Expert Advice provided by Jason Paetow


There are many important lessons to be learned when you first begin investing in real estate, and perhaps one of the most crucial of these lessons involves the concept of leverage. Understanding leverage is not only critical to increasing your returns and fast-tracking your results, but also to protecting your asset position.

So what exactly is leverage?

Simply put, leverage is the amount of the purchase price of a property that is financed by debt. This leverage, coupled with your own investment of capital, your equity, is what is used to pay for your chosen property. The lending institutions are willing to engage in leverage because the property itself is used as security for the loan, therefore minimising their risk to an acceptable degree. When you leverage property above 80% of the value of the property you will be required to pay Lender’s Mortgage Insurance (LMI), but we’ll touch more on that in a moment.


As you can see from the table above, by leveraging your available capital, you can dramatically improve your return on investment (ROI). This is why many investors favour investing in real property over investing in stock shares.

For Investor A in the table above, they chose to pay for the property using all of their equity and using no leverage. The property was located in an area where there was a 10% growth; so on the initial $100,000 investment, there was a $10,000 return on capital. Not too bad, right? But look what happens when you start applying a little bit of leverage to the situation and you will begin to see the power of this one simple technique.


For Investor B in the table above, they leveraged their capital at a 50% level, meaning they received a matching amount from the lending institution. Now the total investment is $200,000, so when the 10% growth occurs, the return on capital is $20,000 or 20% – which is 100% better than the amount gained for Investor A. That’s pretty dramatic!


Now for Investor C in the table above, the investor chooses to leverage their capital at the 80% level, meaning the lending institution will provide 80% of the financing for the property under consideration. This time the property is worth $500,000, but the investor is still only putting the same $100,000 of capital into the transaction while the lending institution bears the bulk of the risk by adding $400,000. As the 10% growth occurs, now $50,000 is earned, or 50% return on capital.


But the best is yet to come! Investor D has gone to a lending institution that allows them to leverage 95% of their equity using LMI and they’ve put the same $100,000 of capital on the line against a property worth $2 million, with the lending institution agreeing to leverage the remaining $1.9 million. Now, once that same 10% growth occurs, our wise investor makes $200,000, which is double their original investment.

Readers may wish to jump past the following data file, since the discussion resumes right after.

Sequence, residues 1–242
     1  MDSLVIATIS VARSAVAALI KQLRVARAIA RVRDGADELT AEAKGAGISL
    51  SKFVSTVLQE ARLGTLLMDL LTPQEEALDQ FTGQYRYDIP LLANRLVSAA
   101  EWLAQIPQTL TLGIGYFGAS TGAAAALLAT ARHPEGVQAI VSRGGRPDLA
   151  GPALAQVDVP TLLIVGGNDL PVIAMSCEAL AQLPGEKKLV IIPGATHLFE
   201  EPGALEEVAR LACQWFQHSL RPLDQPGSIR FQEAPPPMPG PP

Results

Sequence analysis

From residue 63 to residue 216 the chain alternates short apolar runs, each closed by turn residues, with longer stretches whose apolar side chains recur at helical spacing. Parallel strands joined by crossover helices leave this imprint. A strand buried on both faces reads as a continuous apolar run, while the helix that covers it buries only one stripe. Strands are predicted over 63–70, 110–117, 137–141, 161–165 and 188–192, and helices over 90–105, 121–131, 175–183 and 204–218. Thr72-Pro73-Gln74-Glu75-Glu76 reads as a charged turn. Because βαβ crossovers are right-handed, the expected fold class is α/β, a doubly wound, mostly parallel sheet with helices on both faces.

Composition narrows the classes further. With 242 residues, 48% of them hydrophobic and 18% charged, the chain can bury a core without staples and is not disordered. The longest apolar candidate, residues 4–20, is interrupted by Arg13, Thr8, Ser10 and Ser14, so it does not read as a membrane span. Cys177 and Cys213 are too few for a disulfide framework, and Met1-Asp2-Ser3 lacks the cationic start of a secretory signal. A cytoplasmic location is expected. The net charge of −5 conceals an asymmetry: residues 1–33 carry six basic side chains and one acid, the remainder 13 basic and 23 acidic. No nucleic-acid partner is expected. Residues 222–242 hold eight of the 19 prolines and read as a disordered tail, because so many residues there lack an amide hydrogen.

As you can see from the table above, if you leverage your capital you can dramatically improve your returns on your investment. Banks will generally allow you to leverage property up to 95% (using LMI), whereas for shares the amount that can be leveraged is usually less. By looking at the above example, you can see that by reducing your deposit to buy a property from 20% to 5% you can double your return.

By simply reducing the amount of the deposit that you make on properties that you buy, and leveraging the balance of the transaction, you can more than double the return on your investment. This allows you to expand your holdings and create multiple streams of income from multiple properties. We have helped investors take advantage of leverage and equity in the past by coaching them and building a successful investment portfolio with them.

There is one note of caution. When lending, or leveraging, above 80% the lender is required to pay LMI to protect the bank’s risk. This can be capitalized to the loan, meaning that it will be rolled up into the loan amount itself and become part of the payments that you will have to repay. Now, LMI isn’t cheap – it can be up to 2.5% of the value of the property. However, by adding it to the loan as a percentage-only loan, you will only pay the LMI fee when you sell the property which could be in 10 years. If your property has doubled in value you won’t be concerned about paying the LMI when you sell, because it’s being able to borrow at that high percentage that got you the added value in the first place.

Leveraging is an investment strategy that works well for the beginning investor who may have limited funds or equity available to start their real estate investment portfolio or program. If the investor has substantial cash or equity available that they do not plan to use for real estate investment, then the above leveraging strategy may not be best suited to their real estate portfolio management or investments.

Jason Paetow is the Managing Director of AllianceCorp, a buyer's advocacy and property investment company. Jason has over 15 years of experience in the property industry and is an expert at property investment strategy, and in coaching and working with clients to optimise their success through education and support. He is a qualified Financial Planner, Mortgage Broker, REIV Licensed Real Estate Agent and a Licensed Builder. To find out more, please visit

Disclaimer: while due care is taken, the viewpoints expressed by contributors do not necessarily reflect the opinions of Your Investment Property.